In perusing the Feature Requests posted on the Illustrator User to User forum, I came upon an interesting discussion with regards to how arrowheads are positioned at the ends of paths.
As you might already know, when you draw a path of a specific width, and then choose to add arrowheads (via the Filter > Stylize or Effect > Stylize menu), the arrowheads are added at the ends of the path. This makes the path longer than you actually specified and requires that you now make an adjustment to the path (such adjustments could be made easier when the Show Preview Bounds setting is used -- see Overstepping Your Bounds).
The feature request -- which make a whole lot of sense to me -- was centered on having Illustrator add arrowheads to a path without adding additional size to the path. I'm always fascinated as to how certain features or settings "came to be" in Illustrator, and when I worked on Illustrator, I tried to make a point of learning many of these settings, their causes, and their effects. However, I was never aware of the reason of why Illustrator drew arrowheads in this way. Which is why I have included Teri Pettit's explanation here, of why things are as they are. Teri's response is to a question that Jamees Talmage (JET) actually posed, in where he hypothesized on whether maybe arrowheads were drawn this way due to some legacy PostScript rules or regulations...
No, curiously enough, the actual code for positioning the arrowheads on the lines is flexible enough to handle arbitrary placements. It assumes that the backmost path in the arrowhead "design" is a straight stroked line in which the first endpoint should be placed on the endpoint of the path you are putting the arrowhead on, and the straight line should be made tangent to the path, sort of like it was a direction handle, and scaled so that the stroke weight of the guiding line is made the same as the stroke weight of the path you are applying the arrow to. When inserting an arrowhead, it copies the design definition, positions, scales and rotates the entire design by the same matrix that it uses to place the "guiding line", and then deletes the guiding line. (I looked into the code one day when I was trying to see how hard it would be to make the arrowheads be positioned at the endpoints.)
It is a mystery to me why the designers of the arrowheads in AI 5 decided to make those placement guidelines have their endpoints towards the back or center of the arrow instead of at the arrow tip. That's the only reason the arrowheads are getting placed past the end of the stroked path. The actual arrowhead designs were created not by engineers, but by a team of graphic artists, like the patterns and symbols are. So it was those artists who decided where the arrow tips should end, not the engineer writing the plugin filter.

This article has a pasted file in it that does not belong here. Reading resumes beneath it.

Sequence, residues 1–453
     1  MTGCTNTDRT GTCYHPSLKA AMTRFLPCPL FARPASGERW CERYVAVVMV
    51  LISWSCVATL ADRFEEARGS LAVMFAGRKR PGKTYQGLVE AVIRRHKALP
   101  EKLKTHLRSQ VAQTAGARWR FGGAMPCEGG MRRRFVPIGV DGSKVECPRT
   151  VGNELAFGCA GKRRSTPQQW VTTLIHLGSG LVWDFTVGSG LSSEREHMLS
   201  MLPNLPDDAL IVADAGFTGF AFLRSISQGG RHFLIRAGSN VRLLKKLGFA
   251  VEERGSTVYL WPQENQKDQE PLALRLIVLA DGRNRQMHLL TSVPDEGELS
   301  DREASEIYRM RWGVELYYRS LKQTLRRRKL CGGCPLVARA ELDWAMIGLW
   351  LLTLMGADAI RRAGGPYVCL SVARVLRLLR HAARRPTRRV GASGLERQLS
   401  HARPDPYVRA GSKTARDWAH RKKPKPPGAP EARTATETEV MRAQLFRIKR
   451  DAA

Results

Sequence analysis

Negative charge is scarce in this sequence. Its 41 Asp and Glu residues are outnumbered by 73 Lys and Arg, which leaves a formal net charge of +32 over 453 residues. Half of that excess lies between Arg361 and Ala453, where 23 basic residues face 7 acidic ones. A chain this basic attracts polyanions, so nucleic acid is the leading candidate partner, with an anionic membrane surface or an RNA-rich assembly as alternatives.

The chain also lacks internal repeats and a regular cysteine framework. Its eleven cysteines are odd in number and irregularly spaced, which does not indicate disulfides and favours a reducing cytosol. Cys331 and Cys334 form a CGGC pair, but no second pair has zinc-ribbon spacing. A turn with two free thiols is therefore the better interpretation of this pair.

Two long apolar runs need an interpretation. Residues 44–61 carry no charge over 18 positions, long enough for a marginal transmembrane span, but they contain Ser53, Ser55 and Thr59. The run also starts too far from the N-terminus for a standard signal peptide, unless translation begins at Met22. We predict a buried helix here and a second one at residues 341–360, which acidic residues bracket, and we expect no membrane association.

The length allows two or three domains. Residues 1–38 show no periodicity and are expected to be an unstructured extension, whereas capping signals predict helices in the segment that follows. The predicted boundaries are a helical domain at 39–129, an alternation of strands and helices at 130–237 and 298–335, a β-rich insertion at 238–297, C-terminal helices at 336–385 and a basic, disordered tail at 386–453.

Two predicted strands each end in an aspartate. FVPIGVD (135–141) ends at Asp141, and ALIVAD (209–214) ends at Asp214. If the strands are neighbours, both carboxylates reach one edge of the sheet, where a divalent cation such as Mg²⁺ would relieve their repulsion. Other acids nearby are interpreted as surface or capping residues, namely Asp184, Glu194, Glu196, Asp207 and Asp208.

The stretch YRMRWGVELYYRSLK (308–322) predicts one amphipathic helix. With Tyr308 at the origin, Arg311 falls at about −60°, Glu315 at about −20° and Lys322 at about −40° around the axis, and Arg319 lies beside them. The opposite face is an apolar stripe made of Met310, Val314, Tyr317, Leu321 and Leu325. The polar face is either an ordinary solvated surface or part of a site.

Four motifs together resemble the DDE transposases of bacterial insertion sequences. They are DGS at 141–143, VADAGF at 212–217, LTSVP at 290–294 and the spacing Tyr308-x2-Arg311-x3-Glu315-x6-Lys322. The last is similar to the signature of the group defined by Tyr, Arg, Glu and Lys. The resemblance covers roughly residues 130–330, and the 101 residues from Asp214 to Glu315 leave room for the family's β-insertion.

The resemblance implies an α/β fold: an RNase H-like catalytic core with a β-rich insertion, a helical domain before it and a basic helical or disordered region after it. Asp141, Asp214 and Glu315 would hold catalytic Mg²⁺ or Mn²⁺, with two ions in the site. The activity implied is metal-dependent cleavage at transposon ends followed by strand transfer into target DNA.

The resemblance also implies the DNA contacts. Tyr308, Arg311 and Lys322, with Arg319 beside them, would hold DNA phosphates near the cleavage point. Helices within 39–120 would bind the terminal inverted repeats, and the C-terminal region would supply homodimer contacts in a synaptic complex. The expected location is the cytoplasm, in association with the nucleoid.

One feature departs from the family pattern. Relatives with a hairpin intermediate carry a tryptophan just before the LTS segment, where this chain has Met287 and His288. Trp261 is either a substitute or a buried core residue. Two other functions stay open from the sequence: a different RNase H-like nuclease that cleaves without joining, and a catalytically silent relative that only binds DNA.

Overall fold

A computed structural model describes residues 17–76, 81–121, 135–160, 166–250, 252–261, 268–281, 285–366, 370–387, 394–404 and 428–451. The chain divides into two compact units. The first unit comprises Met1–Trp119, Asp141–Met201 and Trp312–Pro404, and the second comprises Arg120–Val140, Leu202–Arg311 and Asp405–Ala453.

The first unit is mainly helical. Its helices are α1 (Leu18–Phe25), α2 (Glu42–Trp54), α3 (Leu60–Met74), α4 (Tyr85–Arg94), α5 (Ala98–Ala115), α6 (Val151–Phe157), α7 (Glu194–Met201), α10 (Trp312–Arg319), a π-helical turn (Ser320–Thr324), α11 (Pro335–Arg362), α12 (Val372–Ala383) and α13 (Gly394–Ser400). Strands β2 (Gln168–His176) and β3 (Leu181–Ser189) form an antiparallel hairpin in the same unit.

But the filter was written a very long time ago (for AI 5), and hasn't been modified significantly since. (The live effects call the core of the corresponding filter code, not the other way around. When live effects came on the scene, what we mostly did was split each plugin filter into the part which found the selected objects, and the part which modified an object, and made the latter part be callable either by the filter on a selected object, or by the live effect on an object "under construction" by an appearance recipe. We didn't make hardly any changes to any of the actual "modify an object" code. There wasn't time to do so.) Way back in AI 5, there was no such thing as Symbols, and even pattern definitions were not yet accessible through the plugin API's. So the arrowhead "designs" are actually fragments of Illustrator 5 EPS syntax, similar to what got put on the clipboard, stored in the plugin's resource fork, indexed by the numbers that show up on the options dialog. And since plugins have no access to Illustrator's parser, the Arrowhead plugin has its own little mini-parser for a subset of the AI 5 Illustrator syntax, enough to cover paths with solid color strokes or fills.
So, we could make the arrowheads end on the lines simply by going in and modifying those fragments of AI 5 EPS in the resource fork to put the end of each positioning line at the tip of the arrow. But if that was all that was done, there would be backwards compatibility issues causing arrowhead effects saved by earlier versions to get repositioned. Which wouldn't be good, since usually the base path has been shortened to make the arrowhead end at the right place. So actually, you would want to leave the old designs as they were, and add new ones that would be available for newer files. But if you're going to go in and modify the Arrowhead filter, what you really want to do is make arrowhead designs be symbols, sort of like 3D bevels are, so that the user can define their own, and refer to them by name, not by a numerical index. Of course you'd still need to support the old indexed centered arrowheads for backwards compatibility.
Also, in order to keep the main stroke from sticking out past the arrow tips, you would want to do something to clip off any part of the main stroke past a certain point. (Actually, come to think of it, that might be part of the reason the positioning guidelines don't end at the arrow tip - because when the arrow tip got narrower than the stroke, you would be able to see the solid stroke sticking out at the edges. But there is still room in most of them to position the endpoint much closer to the tip than it is. It is usually quite far back, especially on designs like the pointing hand.) So the designs should probably contain another guideline besides the positioning one, which would be a "stroke clip point" guideline.
Teri goes on to mention that such a new feature would require some amount of work, and while it's certainly possible that such functionality might appear in Illustrator one day, it requires enough work in of itself that it must compete with other similar proposed new features and enhancements.